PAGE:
Modeling the Water and Energy Balance of Vegetated Areas with Snow Accumulation
The ability to quantify soil-atmosphere water and energy exchange is important in understanding agricultural and natural ecosystems, as well as the earth's climate. We developed a one-dimensional vertical model that calculates solar radiation, canopy energy balance, surface energy balance, snowpack dynamics, soil water flow, and snow–soil–bedrock heat exchange, including soil water freezing. The processes are loosely coupled (solved sequentially) to limit the computational burden. The model was applied to describe water and energy dynamics for a northeast-facing mountain slope in the Dry Creek Experimental Watershed near Boise, ID. Calibration was achieved by optimizing the saturated soil hydraulic conductivity. Validation results showed that the model can successfully calculate seasonal dynamics in snow height, soil water content, and soil temperature. Both the calibration and validation years confirmed earlier results that evapotranspiration on the northeast-facing slope consumes approximately 60% of yearly precipitation, while deep percolation from the soil profile constitutes about 40% of yearly precipitation.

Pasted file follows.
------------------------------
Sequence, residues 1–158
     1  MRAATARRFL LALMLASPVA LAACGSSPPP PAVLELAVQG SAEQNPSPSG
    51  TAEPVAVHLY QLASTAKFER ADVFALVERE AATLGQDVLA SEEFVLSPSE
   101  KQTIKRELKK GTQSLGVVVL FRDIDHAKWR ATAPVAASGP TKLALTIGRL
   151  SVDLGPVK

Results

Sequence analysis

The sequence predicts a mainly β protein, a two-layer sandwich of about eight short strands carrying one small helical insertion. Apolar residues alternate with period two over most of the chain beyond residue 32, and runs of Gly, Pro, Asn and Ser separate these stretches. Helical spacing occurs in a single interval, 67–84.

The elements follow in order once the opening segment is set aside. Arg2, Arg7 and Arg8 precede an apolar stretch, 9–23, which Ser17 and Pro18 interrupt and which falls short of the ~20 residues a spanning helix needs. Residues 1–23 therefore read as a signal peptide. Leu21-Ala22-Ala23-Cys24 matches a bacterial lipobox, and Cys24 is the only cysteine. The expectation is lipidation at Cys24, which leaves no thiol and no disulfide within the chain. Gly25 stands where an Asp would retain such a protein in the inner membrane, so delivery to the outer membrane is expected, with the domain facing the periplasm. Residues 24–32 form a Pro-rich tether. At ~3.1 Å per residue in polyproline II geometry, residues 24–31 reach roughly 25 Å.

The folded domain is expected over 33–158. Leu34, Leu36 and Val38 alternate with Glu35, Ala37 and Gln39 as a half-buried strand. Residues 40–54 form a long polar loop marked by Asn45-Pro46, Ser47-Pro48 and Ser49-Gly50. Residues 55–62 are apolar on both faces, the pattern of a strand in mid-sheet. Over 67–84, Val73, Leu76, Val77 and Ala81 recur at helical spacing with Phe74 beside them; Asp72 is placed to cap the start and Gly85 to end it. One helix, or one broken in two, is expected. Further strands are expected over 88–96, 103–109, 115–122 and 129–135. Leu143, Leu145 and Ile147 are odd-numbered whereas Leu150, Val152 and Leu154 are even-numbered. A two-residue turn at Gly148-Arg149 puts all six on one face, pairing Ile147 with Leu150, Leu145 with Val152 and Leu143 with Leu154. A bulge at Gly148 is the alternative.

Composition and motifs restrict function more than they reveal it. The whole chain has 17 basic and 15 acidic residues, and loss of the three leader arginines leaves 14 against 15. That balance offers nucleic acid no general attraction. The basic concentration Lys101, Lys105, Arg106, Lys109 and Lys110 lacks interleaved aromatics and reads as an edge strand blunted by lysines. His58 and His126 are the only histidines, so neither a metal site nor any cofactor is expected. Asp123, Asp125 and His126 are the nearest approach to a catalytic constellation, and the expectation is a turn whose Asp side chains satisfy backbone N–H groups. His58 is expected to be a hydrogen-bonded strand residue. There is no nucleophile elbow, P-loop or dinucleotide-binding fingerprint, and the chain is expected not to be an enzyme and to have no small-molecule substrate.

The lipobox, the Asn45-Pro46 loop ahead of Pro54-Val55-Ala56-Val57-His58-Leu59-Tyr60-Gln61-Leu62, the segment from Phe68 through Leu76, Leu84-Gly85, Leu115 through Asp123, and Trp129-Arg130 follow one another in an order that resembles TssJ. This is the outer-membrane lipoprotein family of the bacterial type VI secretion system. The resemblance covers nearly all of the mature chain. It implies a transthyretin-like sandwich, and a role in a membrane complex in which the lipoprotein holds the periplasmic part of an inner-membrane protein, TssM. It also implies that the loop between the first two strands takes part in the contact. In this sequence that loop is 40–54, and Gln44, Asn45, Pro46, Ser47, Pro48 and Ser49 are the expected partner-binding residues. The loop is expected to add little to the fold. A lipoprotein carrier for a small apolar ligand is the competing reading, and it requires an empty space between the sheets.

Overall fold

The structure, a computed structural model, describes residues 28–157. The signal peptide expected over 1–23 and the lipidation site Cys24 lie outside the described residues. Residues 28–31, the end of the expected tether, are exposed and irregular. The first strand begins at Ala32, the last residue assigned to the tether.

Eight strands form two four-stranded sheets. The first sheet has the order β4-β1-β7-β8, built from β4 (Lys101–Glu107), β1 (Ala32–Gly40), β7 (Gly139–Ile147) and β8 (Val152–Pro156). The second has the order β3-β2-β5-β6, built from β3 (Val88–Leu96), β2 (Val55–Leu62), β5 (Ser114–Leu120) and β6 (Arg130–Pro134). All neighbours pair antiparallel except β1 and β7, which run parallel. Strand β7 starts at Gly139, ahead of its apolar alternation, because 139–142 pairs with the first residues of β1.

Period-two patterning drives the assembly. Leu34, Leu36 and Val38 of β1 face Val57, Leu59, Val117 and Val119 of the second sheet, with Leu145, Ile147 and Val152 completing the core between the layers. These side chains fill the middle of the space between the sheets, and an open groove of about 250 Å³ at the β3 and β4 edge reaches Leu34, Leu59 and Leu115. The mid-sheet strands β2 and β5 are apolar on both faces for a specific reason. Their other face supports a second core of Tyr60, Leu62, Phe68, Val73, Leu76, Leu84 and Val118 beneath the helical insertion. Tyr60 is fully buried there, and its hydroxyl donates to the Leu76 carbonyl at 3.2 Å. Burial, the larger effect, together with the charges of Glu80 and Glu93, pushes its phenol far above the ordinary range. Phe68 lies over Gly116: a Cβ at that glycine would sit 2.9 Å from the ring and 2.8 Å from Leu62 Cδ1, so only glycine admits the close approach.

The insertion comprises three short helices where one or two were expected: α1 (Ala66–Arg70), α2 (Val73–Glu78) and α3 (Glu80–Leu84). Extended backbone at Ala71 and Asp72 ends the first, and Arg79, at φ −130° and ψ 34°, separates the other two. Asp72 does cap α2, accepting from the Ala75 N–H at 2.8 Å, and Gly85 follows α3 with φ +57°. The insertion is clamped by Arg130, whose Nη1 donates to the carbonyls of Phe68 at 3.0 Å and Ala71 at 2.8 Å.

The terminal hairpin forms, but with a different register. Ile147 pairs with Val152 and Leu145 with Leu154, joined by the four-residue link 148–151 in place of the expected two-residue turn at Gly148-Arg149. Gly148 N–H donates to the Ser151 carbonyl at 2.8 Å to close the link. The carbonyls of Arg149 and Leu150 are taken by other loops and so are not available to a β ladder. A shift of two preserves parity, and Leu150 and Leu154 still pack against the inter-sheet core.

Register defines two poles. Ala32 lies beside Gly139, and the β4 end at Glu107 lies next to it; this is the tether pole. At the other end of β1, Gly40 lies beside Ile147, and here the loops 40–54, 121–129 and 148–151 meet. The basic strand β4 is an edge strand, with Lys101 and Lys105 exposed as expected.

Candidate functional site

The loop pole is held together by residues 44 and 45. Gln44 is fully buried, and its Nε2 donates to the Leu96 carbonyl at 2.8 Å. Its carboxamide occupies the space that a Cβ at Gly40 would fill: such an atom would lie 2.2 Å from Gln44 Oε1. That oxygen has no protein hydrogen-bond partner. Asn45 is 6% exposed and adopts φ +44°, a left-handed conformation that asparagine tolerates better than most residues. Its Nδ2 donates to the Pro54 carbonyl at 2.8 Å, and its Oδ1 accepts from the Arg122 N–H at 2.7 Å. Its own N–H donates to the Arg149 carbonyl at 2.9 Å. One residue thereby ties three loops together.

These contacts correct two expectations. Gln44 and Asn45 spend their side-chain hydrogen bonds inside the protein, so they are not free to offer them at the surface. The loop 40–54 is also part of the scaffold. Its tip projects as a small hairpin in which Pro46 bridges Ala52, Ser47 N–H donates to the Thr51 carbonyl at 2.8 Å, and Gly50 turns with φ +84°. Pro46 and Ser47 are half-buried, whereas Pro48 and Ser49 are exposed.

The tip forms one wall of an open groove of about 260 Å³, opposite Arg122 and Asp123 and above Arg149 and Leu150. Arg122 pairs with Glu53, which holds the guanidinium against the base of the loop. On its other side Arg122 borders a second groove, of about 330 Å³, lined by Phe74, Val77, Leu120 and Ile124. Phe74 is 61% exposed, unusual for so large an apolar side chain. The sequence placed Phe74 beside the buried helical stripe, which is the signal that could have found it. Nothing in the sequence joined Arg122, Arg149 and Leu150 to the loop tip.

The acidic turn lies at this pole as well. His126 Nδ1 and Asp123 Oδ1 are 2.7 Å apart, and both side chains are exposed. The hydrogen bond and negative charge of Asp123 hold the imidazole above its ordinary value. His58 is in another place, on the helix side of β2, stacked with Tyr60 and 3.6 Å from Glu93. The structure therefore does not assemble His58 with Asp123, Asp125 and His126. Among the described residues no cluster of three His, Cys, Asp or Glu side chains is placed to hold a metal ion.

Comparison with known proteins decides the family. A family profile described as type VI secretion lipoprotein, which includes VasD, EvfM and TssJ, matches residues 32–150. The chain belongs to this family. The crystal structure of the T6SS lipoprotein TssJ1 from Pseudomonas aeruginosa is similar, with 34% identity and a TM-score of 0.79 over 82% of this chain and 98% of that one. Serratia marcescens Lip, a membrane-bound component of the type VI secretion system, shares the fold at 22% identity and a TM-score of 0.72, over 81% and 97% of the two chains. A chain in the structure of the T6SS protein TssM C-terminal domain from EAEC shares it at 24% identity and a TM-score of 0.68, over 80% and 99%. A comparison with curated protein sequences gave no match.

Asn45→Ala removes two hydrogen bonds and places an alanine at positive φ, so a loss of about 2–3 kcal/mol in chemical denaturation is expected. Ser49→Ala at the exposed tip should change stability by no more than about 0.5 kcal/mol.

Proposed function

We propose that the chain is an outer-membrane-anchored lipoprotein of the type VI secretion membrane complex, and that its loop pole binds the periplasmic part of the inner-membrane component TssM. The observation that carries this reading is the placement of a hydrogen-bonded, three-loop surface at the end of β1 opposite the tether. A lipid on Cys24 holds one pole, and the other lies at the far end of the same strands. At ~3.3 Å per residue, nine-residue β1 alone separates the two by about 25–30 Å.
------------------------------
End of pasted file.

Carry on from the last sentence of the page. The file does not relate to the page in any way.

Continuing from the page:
Kelleners, T. J.; Chandler, D. G.; McNamara, James P.; Gribb, Molly M.; and Seyfried, M. S.. (2009). "Modeling the Water and Energy Balance of Vegetated Areas with Snow Accumulation". Vadose Zone Journal, 8(4), 1013-1030.